We're closing the gap with Arm and x86, claims SiFive: New RISC-V CPU core for PCs, servers, mobile incoming

As it appears Intel's attempt to gobble the upstart collapses

SiFive reckons its fastest RISC-V processor core yet is closing the gap on being a mainstream computing alternative to x86 and Arm.

The yet-unnamed high-performance design is within reach of Intel's Rocket Lake family, introduced in March, and Arm's Cortex-A78 design, announced last year, in terms of single-core performance, James Prior, senior director of product marketing and communications at SiFive, told The Register.

San Francisco-based SiFive didn't provide specific comparative benchmarks, so you'll have to take their word for it, if you so choose.

RISC-V is an open-source, royalty-free instruction set architecture for CPU cores: RISC-V International sets the specifications, and semiconductor designers like SiFive implement them as designs that can be slotted into system-on-chips for customers among other IP.

SiFive's latest design, which is set to be teased today, will be christened with a formal name at the RISC-V Summit in December.

The CPU core is said to be about 50 per cent faster than its predecessor, the P550, which was introduced in June. We note that the L3 cache memory capacity has been quadrupled, from the 4MB in the P550 to 16MB in the new design. Up to 16 of these new cores can be clustered versus the maximum of four for the P550. The latest design can also run up to 3.5GHz compared to 2.4GHz for the P550.

The new CPUs can go in PCs and servers, and be scaled down for mobile and embedded devices, Prior said.

It's been an action-packed week for RISC-V. Intel, which is already testing and evaluating the P550 chip design, was said to be in talks to acquire SiFive, though Bloomberg reported today those negotiations fell through. SiFive declined The Register's request for comment on that, calling the reports of a proposed takeover "media speculation."

Alibaba also open-sourced a bunch of RISC-V CPU designs under an Apache license.

SiFive's new CPU core otherwise doesn't have much of an architectural difference from the P550, Prior said. The core design is a superscalar out-of-order 64-bit affair that supports the usual things like double-precision floating point. The chip retains a modular design to which additional acceleration units like vector processors or GPUs can be attached within a system-on-chip.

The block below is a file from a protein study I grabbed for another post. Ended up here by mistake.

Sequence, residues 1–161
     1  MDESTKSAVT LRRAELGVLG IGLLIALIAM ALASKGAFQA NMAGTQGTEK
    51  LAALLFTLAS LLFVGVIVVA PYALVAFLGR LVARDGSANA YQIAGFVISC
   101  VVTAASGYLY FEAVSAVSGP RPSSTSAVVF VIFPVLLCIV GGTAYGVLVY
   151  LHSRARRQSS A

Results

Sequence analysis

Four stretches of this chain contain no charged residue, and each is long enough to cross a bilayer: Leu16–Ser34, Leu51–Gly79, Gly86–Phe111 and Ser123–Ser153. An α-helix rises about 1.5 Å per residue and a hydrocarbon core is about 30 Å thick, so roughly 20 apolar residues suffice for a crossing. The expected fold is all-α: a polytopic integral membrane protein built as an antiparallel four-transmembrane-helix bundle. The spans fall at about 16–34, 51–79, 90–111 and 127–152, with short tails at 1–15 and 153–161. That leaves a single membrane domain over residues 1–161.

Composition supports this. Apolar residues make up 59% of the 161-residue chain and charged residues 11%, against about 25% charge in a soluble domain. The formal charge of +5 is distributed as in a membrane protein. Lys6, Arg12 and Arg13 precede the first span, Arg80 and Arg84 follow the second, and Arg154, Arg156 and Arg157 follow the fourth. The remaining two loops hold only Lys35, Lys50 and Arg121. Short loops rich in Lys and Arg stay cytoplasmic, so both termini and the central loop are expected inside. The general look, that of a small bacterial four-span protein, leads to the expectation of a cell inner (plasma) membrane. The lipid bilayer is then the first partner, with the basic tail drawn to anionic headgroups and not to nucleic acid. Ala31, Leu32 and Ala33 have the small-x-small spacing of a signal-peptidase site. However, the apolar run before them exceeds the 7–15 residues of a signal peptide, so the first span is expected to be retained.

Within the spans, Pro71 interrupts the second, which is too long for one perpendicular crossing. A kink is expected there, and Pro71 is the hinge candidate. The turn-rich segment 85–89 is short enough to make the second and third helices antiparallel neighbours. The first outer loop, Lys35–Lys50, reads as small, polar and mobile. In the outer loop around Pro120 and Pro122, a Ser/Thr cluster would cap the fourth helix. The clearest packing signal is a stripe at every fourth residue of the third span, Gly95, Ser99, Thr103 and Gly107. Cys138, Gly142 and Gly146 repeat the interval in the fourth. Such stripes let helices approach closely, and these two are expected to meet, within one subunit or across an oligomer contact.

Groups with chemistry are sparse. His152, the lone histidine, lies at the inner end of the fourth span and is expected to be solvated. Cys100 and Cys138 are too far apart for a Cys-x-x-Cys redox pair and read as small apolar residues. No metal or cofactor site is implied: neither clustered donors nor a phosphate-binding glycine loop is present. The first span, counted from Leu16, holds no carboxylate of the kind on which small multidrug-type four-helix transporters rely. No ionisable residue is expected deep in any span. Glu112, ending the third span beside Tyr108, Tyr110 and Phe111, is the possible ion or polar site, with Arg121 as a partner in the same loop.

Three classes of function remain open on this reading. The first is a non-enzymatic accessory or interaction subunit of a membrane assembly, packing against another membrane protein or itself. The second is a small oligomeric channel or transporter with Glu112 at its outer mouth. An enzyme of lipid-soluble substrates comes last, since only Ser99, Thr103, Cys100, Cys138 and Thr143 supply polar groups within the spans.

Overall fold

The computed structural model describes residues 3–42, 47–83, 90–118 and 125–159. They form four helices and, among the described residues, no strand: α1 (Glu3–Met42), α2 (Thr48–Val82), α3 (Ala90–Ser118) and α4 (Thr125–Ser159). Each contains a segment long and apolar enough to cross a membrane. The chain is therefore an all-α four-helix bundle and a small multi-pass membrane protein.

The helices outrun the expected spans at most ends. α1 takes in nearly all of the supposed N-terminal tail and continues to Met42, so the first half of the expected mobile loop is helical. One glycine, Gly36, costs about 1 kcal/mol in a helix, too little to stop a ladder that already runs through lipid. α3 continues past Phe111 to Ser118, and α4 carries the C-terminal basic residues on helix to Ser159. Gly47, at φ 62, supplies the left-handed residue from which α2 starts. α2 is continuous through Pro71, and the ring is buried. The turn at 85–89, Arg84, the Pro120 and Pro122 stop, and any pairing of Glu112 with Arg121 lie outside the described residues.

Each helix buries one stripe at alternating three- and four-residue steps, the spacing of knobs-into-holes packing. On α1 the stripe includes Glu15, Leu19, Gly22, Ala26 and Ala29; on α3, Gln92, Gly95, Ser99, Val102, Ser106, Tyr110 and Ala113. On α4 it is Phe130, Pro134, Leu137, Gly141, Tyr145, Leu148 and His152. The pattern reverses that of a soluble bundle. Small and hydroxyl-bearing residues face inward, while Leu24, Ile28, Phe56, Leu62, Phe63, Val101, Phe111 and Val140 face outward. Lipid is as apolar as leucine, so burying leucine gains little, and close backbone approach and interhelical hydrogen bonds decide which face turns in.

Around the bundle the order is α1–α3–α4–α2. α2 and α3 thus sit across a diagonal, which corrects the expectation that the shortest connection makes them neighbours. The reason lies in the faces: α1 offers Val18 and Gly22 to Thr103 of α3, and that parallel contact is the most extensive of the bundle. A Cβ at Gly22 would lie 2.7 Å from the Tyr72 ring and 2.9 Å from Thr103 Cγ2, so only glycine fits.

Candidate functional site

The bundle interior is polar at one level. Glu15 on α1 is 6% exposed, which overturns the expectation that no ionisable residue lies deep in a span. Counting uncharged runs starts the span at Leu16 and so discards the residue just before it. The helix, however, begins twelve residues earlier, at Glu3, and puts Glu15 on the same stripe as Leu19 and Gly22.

The processor blueprints also have the hooks onto which interfaces for DDR5 RAM and PCI-Express 5.0, which are supported by the latest Intel Alder Lake chips, can be added. But that will depend on whether a customer wants to include those features in their custom system-on-chips, Prior said.

SiFive provides a web-based design tool so folks can tweak a RISC-V CPU core to their needs, and get the corresponding RTL data for evaluation on FPGAs. Customers can tack on accelerators for AI applications and other IP to eventually form a design for a system-on-chip ASIC for manufacture, if they so wish, in conjunction with SiFive. The new CPU core is set to be available from SiFive's online configure-it-yourself tool from next year.

"We'll offer an RTL deliverable in 2022, that you'll be able to run on FPGA models, begin prototype software development, and modeling as you understand exactly how it works," Prior said.

Loads of companies now are looking to design, or have designed and deployed, their own customized chips to create a fully owned vertical stack, from the software at the top down to the hardware optimized for particular applications at the bottom. Apple transitioned from PowerPC and x86 to crafting Arm-compatible parts for laptops and desktops, and boasted how its homegrown M1 Pro and M1 Max Pro silicon can deliver high performance and longer battery life than Intel-compatible rivals.

SiFive has more than 100 customers, including some of the top technology companies in the world we're told, looking at its designs. Alibaba open-sourcing its own RISC-V cores in this space is good as it could generate a lot of interest, force the pace of development, and spur RISC-V innovation, Prior said.

But anyone can offer free cores, and with the trend to customizing processors for particular types of workload, there's more interest in what can be done with a chip to achieve that as well as providing support and software stacks around it, he continued.

"Having it tested and verified on silicon, and a tool chain to go with support, for people call up and say 'how did you do this?' – that is the inherent value of an IP company like SiFive," he said. ®

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